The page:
Bodmin Gaol is a former prison turned tourist attraction in England.
The prison was designed by Sir John Call in 1779. It was built using the labor of French prisoners of war, and was used for 150 years. Despite its inglorious origins, the building was actually quite innovative. It was the first British prison to hold prisoners in individual cells.
The prison's inmate population shifted over the years, often reflecting the needs and larger interests of society as a whole. It was used largely as a debtor's prison for many years, but in 1869 imprisonment for debt was abolished. The reason behind this was less noble than it may appear, however, as it was mostly banned to free up space for naval prisoners.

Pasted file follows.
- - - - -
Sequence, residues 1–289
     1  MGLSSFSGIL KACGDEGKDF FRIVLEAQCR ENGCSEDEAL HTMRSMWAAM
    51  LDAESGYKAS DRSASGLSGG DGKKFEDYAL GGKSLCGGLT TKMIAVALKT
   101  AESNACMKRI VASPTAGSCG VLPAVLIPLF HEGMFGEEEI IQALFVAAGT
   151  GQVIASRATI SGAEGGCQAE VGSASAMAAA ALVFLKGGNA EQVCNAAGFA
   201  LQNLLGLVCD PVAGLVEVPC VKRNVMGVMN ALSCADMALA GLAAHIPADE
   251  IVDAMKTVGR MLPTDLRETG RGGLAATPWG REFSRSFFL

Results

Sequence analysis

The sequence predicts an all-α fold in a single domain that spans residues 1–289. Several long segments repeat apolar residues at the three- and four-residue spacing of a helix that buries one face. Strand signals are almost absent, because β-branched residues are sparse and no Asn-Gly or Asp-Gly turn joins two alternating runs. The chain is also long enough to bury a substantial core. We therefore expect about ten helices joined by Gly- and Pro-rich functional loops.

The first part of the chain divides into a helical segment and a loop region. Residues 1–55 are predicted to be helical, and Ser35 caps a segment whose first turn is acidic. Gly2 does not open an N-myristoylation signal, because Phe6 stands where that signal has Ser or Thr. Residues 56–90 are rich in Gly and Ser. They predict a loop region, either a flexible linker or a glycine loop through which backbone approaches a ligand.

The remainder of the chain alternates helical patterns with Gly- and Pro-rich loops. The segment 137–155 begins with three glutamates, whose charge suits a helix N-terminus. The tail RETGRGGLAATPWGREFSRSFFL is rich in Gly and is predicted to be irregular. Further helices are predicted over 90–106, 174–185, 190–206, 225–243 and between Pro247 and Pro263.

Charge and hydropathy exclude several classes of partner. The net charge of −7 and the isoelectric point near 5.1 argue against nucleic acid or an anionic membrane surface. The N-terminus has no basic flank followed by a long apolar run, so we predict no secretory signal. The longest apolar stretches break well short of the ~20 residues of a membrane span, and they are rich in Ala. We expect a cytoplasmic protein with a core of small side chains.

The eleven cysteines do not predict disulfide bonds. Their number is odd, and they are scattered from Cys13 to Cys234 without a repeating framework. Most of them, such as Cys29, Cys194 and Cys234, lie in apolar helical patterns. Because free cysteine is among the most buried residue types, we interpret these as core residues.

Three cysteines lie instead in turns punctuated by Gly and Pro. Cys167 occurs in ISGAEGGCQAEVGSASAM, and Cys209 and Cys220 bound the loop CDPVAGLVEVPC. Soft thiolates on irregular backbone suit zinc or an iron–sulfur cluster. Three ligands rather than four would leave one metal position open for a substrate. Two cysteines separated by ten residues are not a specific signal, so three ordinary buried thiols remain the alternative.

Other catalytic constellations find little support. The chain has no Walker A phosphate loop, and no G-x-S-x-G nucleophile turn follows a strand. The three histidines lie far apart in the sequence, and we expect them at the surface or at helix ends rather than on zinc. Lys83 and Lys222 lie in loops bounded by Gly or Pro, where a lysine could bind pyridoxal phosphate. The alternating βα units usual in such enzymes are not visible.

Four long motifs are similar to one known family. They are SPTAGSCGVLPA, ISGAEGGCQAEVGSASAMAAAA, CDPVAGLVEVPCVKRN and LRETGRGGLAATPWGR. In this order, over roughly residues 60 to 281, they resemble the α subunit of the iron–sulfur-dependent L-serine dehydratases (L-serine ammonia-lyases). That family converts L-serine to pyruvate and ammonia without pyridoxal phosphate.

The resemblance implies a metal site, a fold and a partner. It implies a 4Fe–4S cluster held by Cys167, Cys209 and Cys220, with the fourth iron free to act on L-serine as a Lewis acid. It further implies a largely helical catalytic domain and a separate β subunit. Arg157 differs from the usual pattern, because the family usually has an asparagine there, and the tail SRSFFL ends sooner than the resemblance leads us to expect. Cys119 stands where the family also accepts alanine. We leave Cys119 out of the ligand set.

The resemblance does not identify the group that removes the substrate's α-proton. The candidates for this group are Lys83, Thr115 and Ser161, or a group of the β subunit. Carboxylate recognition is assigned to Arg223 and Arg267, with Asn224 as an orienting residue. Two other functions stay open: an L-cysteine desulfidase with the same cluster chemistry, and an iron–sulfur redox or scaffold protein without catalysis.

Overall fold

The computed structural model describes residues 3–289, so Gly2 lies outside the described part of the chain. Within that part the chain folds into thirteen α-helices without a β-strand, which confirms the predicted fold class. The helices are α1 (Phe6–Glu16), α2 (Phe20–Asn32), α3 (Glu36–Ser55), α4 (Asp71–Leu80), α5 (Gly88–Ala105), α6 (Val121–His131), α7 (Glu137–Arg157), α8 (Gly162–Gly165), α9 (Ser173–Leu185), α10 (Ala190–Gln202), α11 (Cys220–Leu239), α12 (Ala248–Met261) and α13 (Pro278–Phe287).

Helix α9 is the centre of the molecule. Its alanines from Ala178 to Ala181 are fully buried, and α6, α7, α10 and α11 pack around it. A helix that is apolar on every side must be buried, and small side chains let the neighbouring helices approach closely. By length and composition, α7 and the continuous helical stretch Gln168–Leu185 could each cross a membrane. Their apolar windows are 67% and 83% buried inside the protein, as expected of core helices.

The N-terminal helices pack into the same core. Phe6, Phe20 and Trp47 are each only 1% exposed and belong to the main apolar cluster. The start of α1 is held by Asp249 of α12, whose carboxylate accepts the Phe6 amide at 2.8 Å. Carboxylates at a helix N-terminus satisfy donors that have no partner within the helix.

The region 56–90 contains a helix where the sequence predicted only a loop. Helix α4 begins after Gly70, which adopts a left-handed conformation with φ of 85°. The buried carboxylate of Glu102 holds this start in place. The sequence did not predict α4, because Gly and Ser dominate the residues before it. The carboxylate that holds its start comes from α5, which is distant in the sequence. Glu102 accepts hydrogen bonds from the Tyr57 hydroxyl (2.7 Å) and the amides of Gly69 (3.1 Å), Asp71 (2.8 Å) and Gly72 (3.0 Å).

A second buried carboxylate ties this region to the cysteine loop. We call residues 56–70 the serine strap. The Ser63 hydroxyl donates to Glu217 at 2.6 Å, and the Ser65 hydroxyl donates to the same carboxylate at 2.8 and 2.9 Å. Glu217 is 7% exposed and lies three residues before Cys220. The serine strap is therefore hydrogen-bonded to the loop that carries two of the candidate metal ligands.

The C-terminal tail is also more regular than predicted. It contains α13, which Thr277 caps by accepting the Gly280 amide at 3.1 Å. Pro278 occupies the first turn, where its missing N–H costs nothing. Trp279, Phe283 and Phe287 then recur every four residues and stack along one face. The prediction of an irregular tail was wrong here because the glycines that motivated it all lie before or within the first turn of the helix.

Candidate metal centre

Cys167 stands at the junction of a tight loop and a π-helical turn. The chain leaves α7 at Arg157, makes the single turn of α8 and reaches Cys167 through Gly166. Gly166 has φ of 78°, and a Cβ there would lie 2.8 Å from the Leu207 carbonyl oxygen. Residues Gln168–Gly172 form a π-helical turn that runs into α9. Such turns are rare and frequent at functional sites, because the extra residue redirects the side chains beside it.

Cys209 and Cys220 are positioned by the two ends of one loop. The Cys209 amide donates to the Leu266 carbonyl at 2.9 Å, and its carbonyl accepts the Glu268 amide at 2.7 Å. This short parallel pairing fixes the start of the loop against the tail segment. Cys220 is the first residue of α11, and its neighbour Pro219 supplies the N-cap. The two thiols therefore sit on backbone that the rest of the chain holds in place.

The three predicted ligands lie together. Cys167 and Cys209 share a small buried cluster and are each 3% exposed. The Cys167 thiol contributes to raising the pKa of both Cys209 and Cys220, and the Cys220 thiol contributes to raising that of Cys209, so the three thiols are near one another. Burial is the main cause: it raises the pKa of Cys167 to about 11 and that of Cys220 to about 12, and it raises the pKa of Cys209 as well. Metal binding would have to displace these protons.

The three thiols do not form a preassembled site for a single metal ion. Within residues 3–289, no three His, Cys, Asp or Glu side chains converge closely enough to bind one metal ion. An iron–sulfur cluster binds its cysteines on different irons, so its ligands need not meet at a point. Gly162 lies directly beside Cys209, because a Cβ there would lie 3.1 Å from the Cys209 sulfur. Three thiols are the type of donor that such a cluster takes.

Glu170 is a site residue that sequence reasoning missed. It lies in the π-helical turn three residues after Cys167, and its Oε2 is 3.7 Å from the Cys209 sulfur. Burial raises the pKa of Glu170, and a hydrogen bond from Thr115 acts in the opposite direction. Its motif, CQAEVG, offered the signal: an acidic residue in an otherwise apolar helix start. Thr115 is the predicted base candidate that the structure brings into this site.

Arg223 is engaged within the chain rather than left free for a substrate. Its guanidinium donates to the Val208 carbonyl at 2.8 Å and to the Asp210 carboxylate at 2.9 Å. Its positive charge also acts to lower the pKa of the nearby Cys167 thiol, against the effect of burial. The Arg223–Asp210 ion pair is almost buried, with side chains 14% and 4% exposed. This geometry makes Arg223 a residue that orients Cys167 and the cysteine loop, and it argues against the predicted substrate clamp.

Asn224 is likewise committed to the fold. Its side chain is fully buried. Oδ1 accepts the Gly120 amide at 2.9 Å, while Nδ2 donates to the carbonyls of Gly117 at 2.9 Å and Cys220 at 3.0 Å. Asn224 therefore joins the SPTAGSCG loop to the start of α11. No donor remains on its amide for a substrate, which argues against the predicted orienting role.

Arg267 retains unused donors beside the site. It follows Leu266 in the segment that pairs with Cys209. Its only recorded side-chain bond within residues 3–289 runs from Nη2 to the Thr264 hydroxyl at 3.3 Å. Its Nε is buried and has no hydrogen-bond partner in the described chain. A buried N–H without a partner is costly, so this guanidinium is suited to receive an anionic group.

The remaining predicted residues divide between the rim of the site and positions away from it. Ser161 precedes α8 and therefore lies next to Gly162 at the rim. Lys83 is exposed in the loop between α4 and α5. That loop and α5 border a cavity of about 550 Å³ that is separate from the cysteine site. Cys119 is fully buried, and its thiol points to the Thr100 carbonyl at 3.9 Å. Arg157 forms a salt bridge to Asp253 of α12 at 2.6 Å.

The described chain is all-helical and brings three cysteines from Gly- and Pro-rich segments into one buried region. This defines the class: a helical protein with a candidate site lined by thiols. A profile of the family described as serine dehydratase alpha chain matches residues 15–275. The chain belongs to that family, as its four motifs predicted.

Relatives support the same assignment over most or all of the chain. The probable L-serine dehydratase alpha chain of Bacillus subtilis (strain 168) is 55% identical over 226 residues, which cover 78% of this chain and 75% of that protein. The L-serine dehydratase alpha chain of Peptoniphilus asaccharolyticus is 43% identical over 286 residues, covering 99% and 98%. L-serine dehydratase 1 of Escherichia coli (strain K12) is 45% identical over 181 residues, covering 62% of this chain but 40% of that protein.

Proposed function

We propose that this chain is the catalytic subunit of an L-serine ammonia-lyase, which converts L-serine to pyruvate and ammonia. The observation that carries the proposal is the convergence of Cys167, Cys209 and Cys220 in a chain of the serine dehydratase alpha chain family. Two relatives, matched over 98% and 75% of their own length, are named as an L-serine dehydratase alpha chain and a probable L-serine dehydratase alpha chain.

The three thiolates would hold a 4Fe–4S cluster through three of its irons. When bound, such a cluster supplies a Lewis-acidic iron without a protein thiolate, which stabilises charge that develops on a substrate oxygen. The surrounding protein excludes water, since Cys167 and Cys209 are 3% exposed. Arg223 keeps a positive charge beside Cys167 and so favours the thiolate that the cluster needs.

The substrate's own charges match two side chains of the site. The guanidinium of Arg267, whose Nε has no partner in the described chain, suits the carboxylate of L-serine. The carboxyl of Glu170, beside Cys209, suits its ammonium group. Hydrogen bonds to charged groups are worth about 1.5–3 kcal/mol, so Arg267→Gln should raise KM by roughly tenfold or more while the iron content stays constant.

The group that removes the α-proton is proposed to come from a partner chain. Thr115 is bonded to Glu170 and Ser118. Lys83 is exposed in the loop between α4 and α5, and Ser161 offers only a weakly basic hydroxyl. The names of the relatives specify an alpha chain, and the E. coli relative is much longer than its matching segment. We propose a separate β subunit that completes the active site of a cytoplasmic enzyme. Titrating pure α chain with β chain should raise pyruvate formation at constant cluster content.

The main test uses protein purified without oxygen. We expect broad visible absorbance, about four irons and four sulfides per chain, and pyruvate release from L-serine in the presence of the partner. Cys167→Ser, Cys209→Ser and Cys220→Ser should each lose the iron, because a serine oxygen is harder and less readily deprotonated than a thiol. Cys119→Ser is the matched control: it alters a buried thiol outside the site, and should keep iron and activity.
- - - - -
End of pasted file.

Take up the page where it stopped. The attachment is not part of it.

Ultimately, a Naval prison occupied an entire wing of the Bodmin Gaol, and it stayed that way until the naval wing was closed in 1922. The entire prison itself closed just a few years later in 1927.
Once a dark and grim place, the prison has long since fallen into disrepair, and now sits with several sections in ruin. But in its decaying state it has also become a tourist attraction, with visitors touring the ruins and throwing back beers in the once-rowdy prison yard.